Michigan courts officials prepare to reopen — gradually
While there is no set date for when Michigan's 242 trial courts will reopen, state court officials and others have been holding meetings in the last several weeks to prepare for the eventual resumption of normal business.
Courts, both at the district and county level, have been operating on restricted hours and public access since the end of last month.
When the courts are open, some restrictions will stay in place such as conducting hearings remotely through the popular Zoom online platform to protect the safety and health of the public, attorneys and court staff from the possible spread of the coronavirus.
Limitations of court operations also will include the suspension of jury duty until mid-August.
Discussions about reopening focus on creating a safe environment during COVID. Challenges include creating screening procedures for court staff and visitors, setting priorities for processing cases and facilitating remote work by court staff, attorneys and others associated with cases and proceedings.
Most courts have case backlogs, with staff working at reduced capacity and in-person hearings delayed for both non-felony and many felony cases.
"Some cases are backlogged because of hearings being adjourned and new matters not being set. Still more cases will come into the trial courts as legal and public health conditions continue to relax," according to a notice sent from the State Courts Administrative Office's Return to Full Capacity Toolkit shared with judges, court administrators and other court officials across the state.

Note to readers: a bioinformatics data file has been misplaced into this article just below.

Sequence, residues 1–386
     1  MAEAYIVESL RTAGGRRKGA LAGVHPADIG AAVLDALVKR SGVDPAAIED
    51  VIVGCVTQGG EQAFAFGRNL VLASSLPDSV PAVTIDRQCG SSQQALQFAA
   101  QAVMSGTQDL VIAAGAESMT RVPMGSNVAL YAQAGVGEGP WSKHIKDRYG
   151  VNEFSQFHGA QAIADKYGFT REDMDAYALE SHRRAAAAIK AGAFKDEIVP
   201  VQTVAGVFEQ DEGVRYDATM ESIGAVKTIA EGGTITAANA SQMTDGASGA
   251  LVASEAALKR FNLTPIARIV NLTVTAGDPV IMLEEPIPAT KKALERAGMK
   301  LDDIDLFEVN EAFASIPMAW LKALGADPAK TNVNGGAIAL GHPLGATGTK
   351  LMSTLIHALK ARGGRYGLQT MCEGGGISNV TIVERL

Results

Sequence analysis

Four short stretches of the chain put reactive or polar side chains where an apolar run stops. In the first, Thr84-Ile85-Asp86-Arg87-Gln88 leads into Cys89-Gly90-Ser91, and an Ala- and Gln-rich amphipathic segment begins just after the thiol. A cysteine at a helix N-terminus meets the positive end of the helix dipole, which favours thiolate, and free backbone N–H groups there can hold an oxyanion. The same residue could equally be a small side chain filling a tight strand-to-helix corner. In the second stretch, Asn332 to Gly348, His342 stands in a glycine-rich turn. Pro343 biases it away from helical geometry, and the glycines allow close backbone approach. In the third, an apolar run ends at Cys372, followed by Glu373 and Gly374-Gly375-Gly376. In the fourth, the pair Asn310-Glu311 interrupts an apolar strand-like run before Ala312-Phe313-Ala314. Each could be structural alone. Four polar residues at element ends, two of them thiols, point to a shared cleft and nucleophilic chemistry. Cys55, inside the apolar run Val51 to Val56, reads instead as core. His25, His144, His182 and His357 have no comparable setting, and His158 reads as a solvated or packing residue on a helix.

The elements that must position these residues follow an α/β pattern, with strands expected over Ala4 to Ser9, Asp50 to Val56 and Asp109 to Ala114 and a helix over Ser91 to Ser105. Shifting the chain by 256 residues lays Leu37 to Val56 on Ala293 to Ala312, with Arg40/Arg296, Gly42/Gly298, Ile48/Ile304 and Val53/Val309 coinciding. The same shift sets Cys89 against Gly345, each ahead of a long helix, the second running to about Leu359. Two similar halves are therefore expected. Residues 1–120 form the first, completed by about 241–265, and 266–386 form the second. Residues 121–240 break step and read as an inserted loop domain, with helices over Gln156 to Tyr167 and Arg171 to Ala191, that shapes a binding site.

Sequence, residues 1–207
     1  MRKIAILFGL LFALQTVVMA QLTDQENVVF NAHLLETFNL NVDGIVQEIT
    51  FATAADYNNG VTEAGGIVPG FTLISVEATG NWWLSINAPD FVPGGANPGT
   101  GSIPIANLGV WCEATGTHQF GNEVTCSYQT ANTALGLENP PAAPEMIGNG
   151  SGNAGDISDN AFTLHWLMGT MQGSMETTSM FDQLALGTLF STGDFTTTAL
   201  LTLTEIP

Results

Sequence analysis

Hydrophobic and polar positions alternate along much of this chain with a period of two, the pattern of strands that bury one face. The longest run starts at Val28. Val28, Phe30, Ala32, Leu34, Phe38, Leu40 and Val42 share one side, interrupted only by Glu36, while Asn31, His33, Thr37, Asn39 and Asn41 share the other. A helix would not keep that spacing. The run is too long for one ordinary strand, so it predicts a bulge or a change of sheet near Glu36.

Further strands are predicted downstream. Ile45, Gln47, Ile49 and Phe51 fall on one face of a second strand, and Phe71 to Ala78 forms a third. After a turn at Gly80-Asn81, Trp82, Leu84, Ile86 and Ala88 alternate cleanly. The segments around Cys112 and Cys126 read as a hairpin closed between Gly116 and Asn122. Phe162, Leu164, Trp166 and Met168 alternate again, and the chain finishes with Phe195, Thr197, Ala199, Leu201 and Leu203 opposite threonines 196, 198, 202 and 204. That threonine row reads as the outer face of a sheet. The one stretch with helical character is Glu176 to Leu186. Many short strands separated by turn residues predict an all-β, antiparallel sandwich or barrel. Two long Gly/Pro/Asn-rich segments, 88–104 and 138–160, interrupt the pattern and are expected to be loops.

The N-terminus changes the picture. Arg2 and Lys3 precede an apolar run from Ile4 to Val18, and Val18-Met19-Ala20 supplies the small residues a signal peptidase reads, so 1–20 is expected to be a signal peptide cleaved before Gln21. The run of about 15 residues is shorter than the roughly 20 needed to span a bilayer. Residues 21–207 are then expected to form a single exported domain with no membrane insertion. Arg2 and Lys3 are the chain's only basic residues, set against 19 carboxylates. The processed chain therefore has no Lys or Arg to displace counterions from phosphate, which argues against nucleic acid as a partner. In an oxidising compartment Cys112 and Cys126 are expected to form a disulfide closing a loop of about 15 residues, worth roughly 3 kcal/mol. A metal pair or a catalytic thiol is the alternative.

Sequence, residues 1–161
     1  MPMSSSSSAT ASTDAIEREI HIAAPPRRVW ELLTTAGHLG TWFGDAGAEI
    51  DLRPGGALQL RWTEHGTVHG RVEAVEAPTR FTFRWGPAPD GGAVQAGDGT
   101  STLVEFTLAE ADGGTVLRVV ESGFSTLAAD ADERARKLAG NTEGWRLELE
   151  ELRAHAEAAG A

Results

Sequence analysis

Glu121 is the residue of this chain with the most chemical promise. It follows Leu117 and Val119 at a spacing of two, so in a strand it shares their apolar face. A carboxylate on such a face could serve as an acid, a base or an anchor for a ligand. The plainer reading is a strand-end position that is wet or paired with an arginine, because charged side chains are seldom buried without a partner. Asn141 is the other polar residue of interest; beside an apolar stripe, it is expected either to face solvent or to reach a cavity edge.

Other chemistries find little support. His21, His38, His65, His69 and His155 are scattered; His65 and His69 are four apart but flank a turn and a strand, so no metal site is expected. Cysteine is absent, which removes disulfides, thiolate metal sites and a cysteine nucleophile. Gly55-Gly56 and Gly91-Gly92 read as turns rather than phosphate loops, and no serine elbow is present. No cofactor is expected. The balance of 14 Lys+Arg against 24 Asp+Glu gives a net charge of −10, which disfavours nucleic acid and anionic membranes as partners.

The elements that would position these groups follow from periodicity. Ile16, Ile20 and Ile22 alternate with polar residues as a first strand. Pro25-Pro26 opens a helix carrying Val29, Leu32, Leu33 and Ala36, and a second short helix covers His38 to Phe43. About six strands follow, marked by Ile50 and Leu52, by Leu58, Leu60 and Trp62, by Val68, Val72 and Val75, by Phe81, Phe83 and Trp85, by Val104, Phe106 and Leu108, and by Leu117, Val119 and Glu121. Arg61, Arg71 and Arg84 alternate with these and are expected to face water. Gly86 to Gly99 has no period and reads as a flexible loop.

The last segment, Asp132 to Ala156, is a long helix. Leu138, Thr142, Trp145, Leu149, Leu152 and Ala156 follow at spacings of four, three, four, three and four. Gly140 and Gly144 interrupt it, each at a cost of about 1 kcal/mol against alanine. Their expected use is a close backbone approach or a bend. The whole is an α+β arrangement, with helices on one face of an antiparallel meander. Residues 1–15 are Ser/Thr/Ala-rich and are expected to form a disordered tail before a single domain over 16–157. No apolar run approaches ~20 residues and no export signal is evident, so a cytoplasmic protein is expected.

"We are confident that courts are accepting new filings, opening incoming mail, processing new cases ... entering them in the CMS, and responding to any phone or e-mail inquiries. It is also vitally important that courts continuously monitor and track all pending cases to ensure that no case is without a future action date."
Birmingham divorce attorney Jessica Woll is among local attorneys eagerly awaiting the physical opening of local courts.
"I would be so thrilled," said Woll, also the author of the newly-released book "The Wise Divorce."
Woll said filing paperwork for cases is expensive and Zoom hearings are not as effective as those conducted in person.
"I can read a room and the judge's expression," she said. "During a Zoom hearing, I (mistakenly) talked over a judge."
On Wednesday, the Michigan Supreme Court issued an executive order related to remote hearings. As part of the order, the court may collect an individual's contact information, including mobile phone number and email addresses, to help facilitate remote hearings or to process a case.
On April 29, the Michigan Supreme Court issued an administrative order instructing judges, court clerks and others to create two forms allowing them to collect a party's or witnesses' contact information, including cell phone numbers and email addresses.
"The form allows the individual to consent to receiving text messages, voice messages, and e-mails from the court. Additionally, new form MC 506 helps courts provide notice when a hearing will be held remotely," according to the directive. "The form instructs the individual to confirm with the court that they are able to participate remotely; includes the date, time, and method of the remote hearing; and provides guidance for the individual to access and participate in the remote hearing."
The preparations for the courts to reopen once the governor lifts public restrictions could include testing court staff for COVID-19.
“Like the federal courts and based on CDC guidance, daily testing of court personnel for symptoms of illness will be recommended. However, ultimately, the decision will be up to each chief judge and based on local conditions,” said John Nevin, a spokesman for the Michigan State Courts Administrative Office.